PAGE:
Friday, July 20, 2012
Following up on my previous post, Tobin: The Tax Treatment of Ann Romney's Dressage Horse Activity: Forbes: Both Left and Right Got the Taxes on the Romneys' Olympic Horse Wrong, by Janey Novack:
If Mitt Romney caves and releases more years of his tax returns, expect mass tax confusion. Oh sure, Americans will get (and Democrats will flog) the main point: thanks to the low 15% tax rate on long term capital gains and carried interest and to his expensive tax advisers, Romney pays a lower effective tax rate than many TurboTax users do. (During 2010, the one year he has released, his federal income tax tab came to just 13.7% of his adjusted gross income.)
So why confusion? Because the tax code is filled with arcane provisions and rich folks’ exploiting those breaks generally aim to tell the Internal Revenue Service the minimum required. Consider just one tiny onshore item on Williard M. & Ann D. Romney’s 203-page joint 1040 for 2010. That item is a $77,731 loss from Rob Rom Enterprises LLC, which owns Rafalca, the horse that equestrian Jan Ebeling will ride for the U.S. in the “dressage” competition in the London Olympics. Dressage, as The New York Times deliciously put it, is a sport in which “horses costing up to seven figures execute pirouettes and other dancelike moves for riders wearing tails and top hats.” Ann Romney took up dressage after being diagnosed with multiple sclerosis, has used Ebeling as her trainer for a decade and owns Rob Rom in partnership with Mr. Ebeling’s wife and another Romney family friend.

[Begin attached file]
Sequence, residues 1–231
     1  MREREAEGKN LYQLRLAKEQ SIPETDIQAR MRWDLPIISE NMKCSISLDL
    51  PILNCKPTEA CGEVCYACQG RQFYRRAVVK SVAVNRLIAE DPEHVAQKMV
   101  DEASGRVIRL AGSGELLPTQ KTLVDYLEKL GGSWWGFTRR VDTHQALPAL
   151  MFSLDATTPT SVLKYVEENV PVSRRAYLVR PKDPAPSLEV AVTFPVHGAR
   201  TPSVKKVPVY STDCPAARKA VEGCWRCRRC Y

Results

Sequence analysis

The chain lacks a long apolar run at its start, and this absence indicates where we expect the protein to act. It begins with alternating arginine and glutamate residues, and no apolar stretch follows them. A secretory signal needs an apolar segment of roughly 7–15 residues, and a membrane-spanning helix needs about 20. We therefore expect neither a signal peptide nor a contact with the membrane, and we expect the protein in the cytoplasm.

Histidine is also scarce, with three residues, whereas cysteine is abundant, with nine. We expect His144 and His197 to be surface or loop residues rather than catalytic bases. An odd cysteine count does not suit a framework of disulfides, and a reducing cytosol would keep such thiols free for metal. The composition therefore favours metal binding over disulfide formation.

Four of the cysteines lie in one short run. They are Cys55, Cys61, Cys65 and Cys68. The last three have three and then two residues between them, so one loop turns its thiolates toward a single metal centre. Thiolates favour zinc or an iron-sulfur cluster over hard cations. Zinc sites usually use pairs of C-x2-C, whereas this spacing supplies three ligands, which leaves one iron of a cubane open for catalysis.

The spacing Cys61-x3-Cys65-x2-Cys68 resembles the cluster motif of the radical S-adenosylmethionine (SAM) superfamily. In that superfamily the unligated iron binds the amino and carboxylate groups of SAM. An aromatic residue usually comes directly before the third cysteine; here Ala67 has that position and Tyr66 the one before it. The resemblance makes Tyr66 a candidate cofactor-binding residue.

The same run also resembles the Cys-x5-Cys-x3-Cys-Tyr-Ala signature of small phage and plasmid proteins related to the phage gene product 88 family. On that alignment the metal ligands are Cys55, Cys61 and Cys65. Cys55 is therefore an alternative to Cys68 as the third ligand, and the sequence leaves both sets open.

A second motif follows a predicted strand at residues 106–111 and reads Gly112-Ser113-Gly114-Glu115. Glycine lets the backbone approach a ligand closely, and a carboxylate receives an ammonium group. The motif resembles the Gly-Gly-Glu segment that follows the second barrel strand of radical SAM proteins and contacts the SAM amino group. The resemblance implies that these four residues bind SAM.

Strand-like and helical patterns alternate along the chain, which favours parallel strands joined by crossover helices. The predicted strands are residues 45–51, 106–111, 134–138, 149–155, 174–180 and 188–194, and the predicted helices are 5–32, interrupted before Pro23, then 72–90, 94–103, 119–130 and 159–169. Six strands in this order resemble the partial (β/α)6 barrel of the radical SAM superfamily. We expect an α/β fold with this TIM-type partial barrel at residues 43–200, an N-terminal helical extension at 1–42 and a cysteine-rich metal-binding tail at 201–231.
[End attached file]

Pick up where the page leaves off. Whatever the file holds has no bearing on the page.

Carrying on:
(Hat Tip: Greg McNeal.)